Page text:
With their quota cut by 74 percent and warnings that the Gulf of Maine shrimp population was in bad shape due to warm ocean temperatures, New England fishermen expected this to be a rough shrimp season.
But it’s turned out to be an even bigger bust than anybody anticipated. The shrimp catch has been meager, resulting in a short supply for processors and higher prices for consumers. The season is on course for the smallest harvest in more than 30 years, and possibly since 1978 when the fishery was shut down altogether.
When regulators set the quota for this season, fishermen thought the 1.4 million-pound catch limit would be fished up quickly. Instead, the catch has been so paltry that regulators are now allowing boats to fish seven days a week instead of two they were initially allotted. They’ve also removed the 800-pound trip limit for shrimp trappers.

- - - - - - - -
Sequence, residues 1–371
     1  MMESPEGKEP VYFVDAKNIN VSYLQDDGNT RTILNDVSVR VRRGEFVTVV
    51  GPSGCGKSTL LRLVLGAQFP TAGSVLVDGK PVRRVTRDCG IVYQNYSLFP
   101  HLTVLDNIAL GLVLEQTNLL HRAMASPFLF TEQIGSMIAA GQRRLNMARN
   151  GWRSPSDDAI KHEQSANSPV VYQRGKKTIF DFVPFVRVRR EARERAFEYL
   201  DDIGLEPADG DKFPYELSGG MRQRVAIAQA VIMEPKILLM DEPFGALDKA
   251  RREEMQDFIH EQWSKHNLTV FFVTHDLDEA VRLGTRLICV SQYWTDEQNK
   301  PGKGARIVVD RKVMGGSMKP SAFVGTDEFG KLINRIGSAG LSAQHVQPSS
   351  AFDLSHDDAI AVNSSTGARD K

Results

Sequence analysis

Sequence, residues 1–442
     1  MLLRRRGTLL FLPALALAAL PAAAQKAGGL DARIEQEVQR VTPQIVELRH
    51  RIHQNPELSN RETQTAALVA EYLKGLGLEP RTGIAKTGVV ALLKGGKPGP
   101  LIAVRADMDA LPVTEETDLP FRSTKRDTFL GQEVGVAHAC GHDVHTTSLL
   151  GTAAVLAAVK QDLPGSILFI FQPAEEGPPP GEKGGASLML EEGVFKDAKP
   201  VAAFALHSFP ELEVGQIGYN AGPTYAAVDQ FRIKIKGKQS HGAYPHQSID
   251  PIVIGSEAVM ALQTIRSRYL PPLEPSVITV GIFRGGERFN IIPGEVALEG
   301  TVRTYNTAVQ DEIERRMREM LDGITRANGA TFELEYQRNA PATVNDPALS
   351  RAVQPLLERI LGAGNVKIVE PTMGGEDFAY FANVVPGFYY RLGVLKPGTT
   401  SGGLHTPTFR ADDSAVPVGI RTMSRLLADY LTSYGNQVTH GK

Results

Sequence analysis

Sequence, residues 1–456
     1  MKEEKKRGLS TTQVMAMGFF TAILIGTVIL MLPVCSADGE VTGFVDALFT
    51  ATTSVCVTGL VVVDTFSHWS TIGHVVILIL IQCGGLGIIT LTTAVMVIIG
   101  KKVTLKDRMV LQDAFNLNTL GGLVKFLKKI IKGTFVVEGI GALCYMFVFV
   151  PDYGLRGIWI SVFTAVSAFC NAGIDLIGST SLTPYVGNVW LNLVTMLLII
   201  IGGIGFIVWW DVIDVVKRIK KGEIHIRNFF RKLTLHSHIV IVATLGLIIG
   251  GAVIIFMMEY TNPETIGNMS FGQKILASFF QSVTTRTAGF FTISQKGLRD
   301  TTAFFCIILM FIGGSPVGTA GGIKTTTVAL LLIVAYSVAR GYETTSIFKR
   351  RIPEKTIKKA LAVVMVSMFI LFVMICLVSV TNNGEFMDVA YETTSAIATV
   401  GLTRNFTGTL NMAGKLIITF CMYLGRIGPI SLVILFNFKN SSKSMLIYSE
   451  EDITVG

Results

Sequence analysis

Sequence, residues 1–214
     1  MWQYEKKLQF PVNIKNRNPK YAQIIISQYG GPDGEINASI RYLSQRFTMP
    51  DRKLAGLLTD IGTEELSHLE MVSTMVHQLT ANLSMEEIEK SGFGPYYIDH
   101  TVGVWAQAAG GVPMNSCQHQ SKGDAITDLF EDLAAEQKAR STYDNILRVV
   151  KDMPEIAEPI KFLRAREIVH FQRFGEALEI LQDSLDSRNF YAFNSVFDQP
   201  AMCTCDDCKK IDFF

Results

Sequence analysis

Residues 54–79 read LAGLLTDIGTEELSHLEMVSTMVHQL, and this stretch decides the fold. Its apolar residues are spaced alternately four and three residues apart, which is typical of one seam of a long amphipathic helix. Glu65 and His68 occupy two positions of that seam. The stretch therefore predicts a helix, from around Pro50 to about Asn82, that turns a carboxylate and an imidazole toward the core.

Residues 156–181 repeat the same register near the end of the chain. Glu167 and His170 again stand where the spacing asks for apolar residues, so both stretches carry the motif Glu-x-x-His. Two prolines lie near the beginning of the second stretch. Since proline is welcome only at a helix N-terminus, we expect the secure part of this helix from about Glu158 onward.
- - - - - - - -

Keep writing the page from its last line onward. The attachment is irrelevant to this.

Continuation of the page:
Gary Libby, a fisherman in Port Clyde, Maine, said he caught 800 pounds of the small, sweet shrimp on his best day this winter. Last year, he averaged 2,000 pounds a day.
“We were expecting it to be bad going in, but we weren’t expecting it to be as bad as it was,” he said.
Shrimp provide a small but important fishery for New England fishermen each winter, including some out of Gloucester and Cape Ann. The shrimp fleet last year included 225 boats from Maine, and 31 combined from Massachusetts and New Hampshire.
The new season began Jan. 23 for net fishermen, who were allotted about 1.2 million pounds of the harvest. Fishermen who catch shrimp in traps began their season Feb. 1, with a quota of under 200,000 pounds.
But the catch has come up far short — just a year after the 2012 season had to be shut down on the premise that fishermen had already exceeded their allowable catch of 4.9 million pounds.